I’ve been following the increasing influence of “men’s rights” rhetoric—once relegated to the fringes—on mainstream conservatism with some interest and not a small amount of dread. The more traditional conservative argument against women’s equality has been what I’d call the “complementarian” argument, that women were put on earth by god to serve men and treat motherhood as their central life calling, and that feminism thwarts the natural order. It’s not so much about hating women as demanding we know our place, though it is worth noting that it turns to hate pretty quickly should you refuse. But “men’s rights activists” (MRAs) have a more overtly misogynist ideology to its core, painting women as a subversive force that needs to be subdued and controlled for the protection of men, which is a lot closer to how racists see black people than how sexists traditionally view women. The sense that women, particularly feminists, are out to get men pervades the MRA movement. The fights against sexual harassment and abuse are characterized not as authentic attempts to prevent violence, but as a secret war on male sexuality and fun itself. Educating people about domestic violence is seen as an attempt to steal from men through “false accusations”. Indeed, in the paranoid house of mirrors that is the MRA movement, women are forever false accusing and the government throws you in jail without trial the second a woman looks at you funny. Feminism is generally seen as an attempt to set up women, viewed as inferior people, as the power brokers in society and to oppress men, who are seen as the only meaningful contributors to society. (Thus the name of the MRA watch blog We Hunted The Mammoth.) With “pick-up artists”, women are characterized as malicious creatures who deliberately deprive worthy men of sex for the lulz. Everything women do that MRAs don’t like, be it speaking out about rape or declining to date you, is viewed as done for hateful, malicious reasons. It’s all a very adversarial view of men and women.
This does fly against the traditional religious right view of what the relationship of men and women should be, which is closer to men keeping women as beloved but decidedly inferior domestic animals. And yet…. I’m seeing a lot more MRA talking points cropping up on Fox News and in other conservative media, and of course, the full throttle rape denialist feeding frenzy of this past month on the right shows how bad this has gotten. But now we have this weird story:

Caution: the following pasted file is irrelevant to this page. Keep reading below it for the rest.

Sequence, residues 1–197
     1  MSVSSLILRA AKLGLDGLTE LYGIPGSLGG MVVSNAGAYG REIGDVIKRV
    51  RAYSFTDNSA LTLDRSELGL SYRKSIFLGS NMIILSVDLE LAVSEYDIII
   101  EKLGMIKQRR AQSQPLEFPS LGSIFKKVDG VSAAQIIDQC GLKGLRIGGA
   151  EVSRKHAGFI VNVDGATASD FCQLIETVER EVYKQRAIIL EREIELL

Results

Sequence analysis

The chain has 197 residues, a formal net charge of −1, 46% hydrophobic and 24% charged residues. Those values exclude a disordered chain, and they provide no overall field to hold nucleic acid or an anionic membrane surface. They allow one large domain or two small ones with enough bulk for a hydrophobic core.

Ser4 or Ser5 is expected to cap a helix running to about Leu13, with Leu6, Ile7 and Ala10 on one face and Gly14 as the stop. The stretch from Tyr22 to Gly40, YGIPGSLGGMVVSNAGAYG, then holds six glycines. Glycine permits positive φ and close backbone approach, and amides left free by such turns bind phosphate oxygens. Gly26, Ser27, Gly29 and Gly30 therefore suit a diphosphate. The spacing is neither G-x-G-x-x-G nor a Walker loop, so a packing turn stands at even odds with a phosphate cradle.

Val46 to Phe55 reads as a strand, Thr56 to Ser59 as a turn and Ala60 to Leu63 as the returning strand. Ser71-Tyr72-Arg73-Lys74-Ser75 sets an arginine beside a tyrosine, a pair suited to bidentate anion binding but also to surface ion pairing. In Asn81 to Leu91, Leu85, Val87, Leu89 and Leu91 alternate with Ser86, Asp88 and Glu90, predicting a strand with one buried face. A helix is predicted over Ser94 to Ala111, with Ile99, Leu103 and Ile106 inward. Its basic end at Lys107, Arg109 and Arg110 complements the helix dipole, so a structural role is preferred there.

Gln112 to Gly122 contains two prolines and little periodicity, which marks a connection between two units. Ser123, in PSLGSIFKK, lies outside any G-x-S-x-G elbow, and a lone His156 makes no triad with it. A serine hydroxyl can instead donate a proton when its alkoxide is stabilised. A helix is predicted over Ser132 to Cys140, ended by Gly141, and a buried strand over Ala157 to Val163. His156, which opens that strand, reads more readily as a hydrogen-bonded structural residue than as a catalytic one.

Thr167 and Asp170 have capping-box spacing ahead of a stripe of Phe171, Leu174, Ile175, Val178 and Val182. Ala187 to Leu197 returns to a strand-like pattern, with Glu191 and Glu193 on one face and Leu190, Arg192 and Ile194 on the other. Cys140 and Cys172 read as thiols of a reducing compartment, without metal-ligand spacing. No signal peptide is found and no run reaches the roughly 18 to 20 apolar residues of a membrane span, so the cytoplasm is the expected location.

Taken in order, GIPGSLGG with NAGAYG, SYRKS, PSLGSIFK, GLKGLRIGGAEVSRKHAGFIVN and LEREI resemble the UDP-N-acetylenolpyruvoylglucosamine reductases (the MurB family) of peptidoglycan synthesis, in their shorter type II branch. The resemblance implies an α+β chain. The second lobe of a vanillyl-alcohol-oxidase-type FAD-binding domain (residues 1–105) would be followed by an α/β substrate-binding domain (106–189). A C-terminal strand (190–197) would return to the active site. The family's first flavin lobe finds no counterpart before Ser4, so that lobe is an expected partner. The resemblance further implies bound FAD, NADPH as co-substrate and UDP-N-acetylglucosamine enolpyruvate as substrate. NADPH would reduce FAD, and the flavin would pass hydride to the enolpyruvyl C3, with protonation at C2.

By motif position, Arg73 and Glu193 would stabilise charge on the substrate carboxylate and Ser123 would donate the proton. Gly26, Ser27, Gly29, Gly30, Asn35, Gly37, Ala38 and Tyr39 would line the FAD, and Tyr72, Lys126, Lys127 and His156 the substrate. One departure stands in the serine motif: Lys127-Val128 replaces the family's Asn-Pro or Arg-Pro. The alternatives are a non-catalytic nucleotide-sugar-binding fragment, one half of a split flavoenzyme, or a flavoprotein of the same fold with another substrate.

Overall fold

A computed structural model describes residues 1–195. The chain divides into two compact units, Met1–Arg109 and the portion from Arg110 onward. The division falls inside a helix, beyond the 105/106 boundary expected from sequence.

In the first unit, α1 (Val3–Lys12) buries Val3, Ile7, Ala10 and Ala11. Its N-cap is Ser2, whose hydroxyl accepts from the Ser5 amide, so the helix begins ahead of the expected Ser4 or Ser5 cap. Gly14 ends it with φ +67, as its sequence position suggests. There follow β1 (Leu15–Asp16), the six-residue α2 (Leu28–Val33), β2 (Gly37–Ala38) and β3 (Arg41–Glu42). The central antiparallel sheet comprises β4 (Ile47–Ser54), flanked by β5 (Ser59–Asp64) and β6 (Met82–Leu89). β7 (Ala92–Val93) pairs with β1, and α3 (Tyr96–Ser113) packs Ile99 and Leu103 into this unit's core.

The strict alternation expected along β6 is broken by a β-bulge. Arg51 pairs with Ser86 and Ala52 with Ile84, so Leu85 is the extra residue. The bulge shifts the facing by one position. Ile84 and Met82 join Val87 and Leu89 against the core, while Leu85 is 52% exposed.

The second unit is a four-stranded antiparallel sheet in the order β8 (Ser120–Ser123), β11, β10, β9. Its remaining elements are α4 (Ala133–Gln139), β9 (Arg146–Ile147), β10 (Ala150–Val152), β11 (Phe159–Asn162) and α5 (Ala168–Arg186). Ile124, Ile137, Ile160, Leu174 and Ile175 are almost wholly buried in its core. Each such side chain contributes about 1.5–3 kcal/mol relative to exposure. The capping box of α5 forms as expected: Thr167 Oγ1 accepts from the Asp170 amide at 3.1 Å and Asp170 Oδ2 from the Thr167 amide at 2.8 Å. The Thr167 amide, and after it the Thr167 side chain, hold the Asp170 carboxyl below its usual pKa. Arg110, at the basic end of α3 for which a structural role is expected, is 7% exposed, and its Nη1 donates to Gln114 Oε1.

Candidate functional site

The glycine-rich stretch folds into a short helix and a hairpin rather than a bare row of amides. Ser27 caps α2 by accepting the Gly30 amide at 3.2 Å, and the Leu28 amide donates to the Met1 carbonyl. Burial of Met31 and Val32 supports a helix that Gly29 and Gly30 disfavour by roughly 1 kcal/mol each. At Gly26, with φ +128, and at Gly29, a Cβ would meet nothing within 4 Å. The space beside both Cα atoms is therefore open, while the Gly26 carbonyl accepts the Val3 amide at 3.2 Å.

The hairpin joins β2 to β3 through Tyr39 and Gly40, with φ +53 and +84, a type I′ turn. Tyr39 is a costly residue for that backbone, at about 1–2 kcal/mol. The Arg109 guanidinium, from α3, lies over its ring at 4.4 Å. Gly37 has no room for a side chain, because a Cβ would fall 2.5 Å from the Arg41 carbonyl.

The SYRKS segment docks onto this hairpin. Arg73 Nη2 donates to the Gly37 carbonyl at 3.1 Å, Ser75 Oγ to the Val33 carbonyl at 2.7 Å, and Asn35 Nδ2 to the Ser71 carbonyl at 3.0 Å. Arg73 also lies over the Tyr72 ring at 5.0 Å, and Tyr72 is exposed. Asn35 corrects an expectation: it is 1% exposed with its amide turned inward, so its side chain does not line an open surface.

A Missouri Republican is pushing a bill that would allow a man who gets a woman pregnant to stop her from having an abortion. The measure would force a woman who wants an abortion to obtain written permission from the father first—unless she was the victim of “legitimate rape.”
Rick Brattin, a state representative from outside Kansas City, filed the bill on December 3 for next year’s legislative session. The proposed measure reads, “No abortion shall be performed or induced unless and until the father of the unborn child provides written, notarized consent to the abortion.”
The bill contains exceptions for women who become pregnant as the result of rape or incest—but there are caveats.
“Just like any rape, you have to report it, and you have to prove it,” Brattin tells Mother Jones. “So you couldn’t just go and say, ‘Oh yeah, I was raped’ and get an abortion. It has to be a legitimate rape.”
I know what you are all thinking: How dumb do you have to be to be a politician from Missouri talking about “legitimate rape”? But Brattin thinks he can bamboozle us all:
Brattin adds that he is not using the term “legitimate rape” in the same way as former Rep. Todd Akin (R-Mo.), who famously claimed that women couldn’t get pregnant from a “legitimate rape” because “the female body has ways to try to shut the whole thing down.”
In other words, he was using it exactly the same way Todd Akin was, to suggest that women routinely pretend to be raped to get revenge on a man and/or to hide their supposed shame in having had sex. That he thinks he can get around that with “nuh-uh” answers the “how stupid can he be?” question, the answer being “shockingly”.
But I’m not here to talk about Brattin’s immense stupidity, a common enough quality for Republican state legislators. Or even really to argue against this bill, which is self-evidently hateful and won’t be going anywhere, anyway. The anti-choice movement is trying to convince the public they are out to protect women these days, and so publicly declaring “you poke it, you own it” is not in line with the image they’re trying to project.
No, what is interesting to me is that Brattin is spewing MRA-style talking points at every turn. There’s something amazingly un-self-aware about whining that women cry rape in order to wiggle out of having a man take over our reproductive organs and use them for his own ends without our consent. The possibility that women never owe you the right to control our bodies just doesn’t register.
But then there’s this weird, victim-of-the-matriarchy myth he pulls out to justify this: